Writing always,
Michelle

Friday, 10 January 2014

Resolutions + my favorite things = 2014

I have never made serious resolutions although I do have an ongoing checklist of things I need to get better at or at the very least find a better way to do. The sudden (yes it took me by surprise) arrival of 2014 gave me little time to think about making positive changes for the year ahead so here I am almost two weeks in just getting around to determining that a few writer-home-office resolutions might be in order.
Combine my enthusiasm for the onset of another year with a list of my favourite things to help make that happen and the outcome is the following version of the famous Oprah-style ‘my favorite things’ minus the free giveaways and car. Although some of my noted faves here include freebies you can access so it is not all sad that the Oprah giveaway shows are gone like the Detroit balanced budget.

One of my key resolutions is to be somewhat more desk-organized. A home office and way too many ‘jobs’ can wreak havoc on limited space combined with the hoarder-need to surround myself with all my favorite things that give me inspiration. My small but efficient office space (okay yeah it spills over to other rooms) is home to a wall of hundreds of books antique and new, 6 inch thick old hard cover dictionaries, a typewriter collection displayed around the antique inkwells, pens, paperweights, vintage office collectibles, an antique brass and glass claw piano stool resting spot for an antique autoharp, mouth organ, and  a guitar resting along side, vintage wooden letter trays, oak library card drawers and  paper sorter, and even a giant two foot tall 3 inch thick hard bound newspaper morgue volume of the original December 1940 The New York SUN (don’t  ask). Around all this is my tools, phone, recorder, cameras, printer, scanner, iPod doc, desk lamp (green glass banker of course), a few lap tops, iPod, iPad, iPhone, and then add to the mix my many many magazines both sorted into file boxes, clips binders and piled around (as I write magazine fortunately this is both an allowable obsession and a true write-off expense). Now kick it up a notch with the all-writers-have-it unhealthy addiction to stationery, paper,  notebooks, journals, file folders (orange), note cards, markers, pens and pencils, and things can get a little tight in a small space.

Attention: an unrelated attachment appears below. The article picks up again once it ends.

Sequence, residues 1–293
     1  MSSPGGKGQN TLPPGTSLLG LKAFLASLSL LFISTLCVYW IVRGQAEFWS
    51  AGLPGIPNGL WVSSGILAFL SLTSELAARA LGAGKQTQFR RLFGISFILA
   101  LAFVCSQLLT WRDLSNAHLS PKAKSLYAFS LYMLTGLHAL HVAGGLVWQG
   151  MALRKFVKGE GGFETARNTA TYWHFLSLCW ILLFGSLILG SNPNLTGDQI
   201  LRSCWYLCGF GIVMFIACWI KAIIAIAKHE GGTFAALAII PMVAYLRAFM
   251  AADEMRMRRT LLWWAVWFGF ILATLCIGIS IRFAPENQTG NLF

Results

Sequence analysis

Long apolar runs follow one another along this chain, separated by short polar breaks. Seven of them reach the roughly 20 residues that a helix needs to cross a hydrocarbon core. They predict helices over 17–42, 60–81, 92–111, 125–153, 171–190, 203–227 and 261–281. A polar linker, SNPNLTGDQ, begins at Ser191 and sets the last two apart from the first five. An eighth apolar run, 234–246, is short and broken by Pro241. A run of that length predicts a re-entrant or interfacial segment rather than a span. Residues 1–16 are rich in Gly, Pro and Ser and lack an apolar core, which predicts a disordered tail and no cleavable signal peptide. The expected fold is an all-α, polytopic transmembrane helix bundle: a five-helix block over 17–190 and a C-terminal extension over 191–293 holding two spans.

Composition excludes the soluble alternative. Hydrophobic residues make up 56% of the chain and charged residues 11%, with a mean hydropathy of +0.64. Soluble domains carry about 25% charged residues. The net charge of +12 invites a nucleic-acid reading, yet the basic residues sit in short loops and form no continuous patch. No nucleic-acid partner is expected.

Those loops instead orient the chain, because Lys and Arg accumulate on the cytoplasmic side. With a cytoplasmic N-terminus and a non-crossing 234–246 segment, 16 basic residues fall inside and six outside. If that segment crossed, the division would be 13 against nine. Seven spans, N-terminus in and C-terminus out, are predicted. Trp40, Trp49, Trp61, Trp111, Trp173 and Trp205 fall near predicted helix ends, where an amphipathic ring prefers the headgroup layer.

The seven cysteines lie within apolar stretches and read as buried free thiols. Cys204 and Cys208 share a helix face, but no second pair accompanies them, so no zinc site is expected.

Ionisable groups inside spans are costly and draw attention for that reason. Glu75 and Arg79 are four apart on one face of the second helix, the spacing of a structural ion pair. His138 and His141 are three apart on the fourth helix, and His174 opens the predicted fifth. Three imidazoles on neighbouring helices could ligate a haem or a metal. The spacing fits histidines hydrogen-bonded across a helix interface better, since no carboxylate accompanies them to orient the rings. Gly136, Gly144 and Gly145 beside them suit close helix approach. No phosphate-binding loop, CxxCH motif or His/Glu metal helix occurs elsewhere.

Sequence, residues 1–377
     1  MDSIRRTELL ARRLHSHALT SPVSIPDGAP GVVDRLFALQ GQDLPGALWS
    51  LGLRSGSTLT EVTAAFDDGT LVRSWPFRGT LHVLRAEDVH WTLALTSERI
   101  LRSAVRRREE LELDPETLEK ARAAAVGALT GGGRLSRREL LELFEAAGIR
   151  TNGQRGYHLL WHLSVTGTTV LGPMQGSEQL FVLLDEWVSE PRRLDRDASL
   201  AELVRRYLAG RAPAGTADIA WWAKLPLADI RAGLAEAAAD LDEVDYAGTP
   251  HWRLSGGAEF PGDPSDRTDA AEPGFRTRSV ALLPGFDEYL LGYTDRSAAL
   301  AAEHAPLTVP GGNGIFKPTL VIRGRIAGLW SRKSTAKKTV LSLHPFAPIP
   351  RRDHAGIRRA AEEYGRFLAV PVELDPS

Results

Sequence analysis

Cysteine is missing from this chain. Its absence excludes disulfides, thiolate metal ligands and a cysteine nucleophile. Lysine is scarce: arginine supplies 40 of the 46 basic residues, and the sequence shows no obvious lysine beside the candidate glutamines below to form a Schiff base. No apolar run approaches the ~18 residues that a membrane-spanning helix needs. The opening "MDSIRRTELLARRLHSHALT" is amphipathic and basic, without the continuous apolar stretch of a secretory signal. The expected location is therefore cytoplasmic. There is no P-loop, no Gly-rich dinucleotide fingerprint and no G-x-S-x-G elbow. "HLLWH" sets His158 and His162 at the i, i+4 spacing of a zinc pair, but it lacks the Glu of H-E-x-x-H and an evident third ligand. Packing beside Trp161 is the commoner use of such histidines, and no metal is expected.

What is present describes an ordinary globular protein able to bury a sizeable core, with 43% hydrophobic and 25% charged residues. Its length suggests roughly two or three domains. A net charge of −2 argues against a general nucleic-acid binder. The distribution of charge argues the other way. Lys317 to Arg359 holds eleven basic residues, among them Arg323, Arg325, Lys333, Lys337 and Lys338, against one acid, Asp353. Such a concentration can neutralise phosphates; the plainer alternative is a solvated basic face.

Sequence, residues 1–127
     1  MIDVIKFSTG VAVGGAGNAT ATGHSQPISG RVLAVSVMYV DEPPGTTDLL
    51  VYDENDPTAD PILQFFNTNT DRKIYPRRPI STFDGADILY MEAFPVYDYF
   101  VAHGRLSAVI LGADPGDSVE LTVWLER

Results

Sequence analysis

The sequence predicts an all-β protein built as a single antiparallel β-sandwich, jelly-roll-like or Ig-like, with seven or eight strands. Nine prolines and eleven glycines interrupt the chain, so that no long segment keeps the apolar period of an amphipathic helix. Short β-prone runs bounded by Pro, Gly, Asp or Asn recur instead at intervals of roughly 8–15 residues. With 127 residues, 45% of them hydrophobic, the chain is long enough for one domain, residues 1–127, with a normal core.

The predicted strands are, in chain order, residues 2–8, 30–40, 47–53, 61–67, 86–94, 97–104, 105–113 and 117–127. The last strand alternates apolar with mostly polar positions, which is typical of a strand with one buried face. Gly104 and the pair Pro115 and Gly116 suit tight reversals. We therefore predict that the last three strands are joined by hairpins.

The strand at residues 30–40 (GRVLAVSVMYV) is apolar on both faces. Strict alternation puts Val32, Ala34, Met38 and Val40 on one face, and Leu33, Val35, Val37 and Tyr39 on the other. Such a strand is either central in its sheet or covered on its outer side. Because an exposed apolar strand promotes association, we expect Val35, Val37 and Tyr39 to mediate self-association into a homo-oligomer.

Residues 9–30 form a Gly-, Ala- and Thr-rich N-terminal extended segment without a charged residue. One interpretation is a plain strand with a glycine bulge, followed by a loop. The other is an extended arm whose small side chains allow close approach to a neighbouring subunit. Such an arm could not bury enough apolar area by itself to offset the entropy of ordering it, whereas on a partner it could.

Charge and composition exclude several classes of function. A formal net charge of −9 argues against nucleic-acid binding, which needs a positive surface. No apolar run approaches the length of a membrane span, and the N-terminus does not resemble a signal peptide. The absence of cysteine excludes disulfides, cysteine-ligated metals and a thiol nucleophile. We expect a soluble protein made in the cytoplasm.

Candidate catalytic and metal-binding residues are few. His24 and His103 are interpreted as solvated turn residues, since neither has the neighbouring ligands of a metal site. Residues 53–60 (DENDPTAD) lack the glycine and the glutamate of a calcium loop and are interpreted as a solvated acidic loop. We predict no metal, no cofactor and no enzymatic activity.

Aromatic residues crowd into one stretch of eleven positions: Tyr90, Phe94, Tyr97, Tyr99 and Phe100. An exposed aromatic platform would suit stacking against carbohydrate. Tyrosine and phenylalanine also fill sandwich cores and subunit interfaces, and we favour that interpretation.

My 2014 plan is to continue to love all the things I love and to finally use all those things I have been saving earmarked as too special to use - leather journals, good pens, fancy paper, monogrammed paper clips and even coloured printer ink when the mood hits me. My favourite things/get organized resolution starts now. Feel free to check out any of these faves and let me know how they stack up, or if I am missing out on something more FUN-ctional you might want to let me in on.

1.      First up on the use it lists has to be my many decorative (Paris themed) colourful storage boxes piled around the room – with the addition of cute custom labels these will be handy to file away some of the clutter of colured index cards, stickers, business cards, overflowing pencil piles and so much more.

 2.    My pens and pencils might seem out of control to a non-writer but on the flip side might seem lacking to a writer but keeping dozens of my favourite pencils on hand and sharpened to a point at all times is a must with my pick being billed as the world’s most comfortable, the Dixon Tri-Conderoga HB2 with a triangular shape perfect for endless doodling writing.

3.     On the list of too special to use journals and notebooks check out the Moleskin Evernote SMART Notebook combined with the Evernote app to take your hand written notes to your computer files in a snapshot.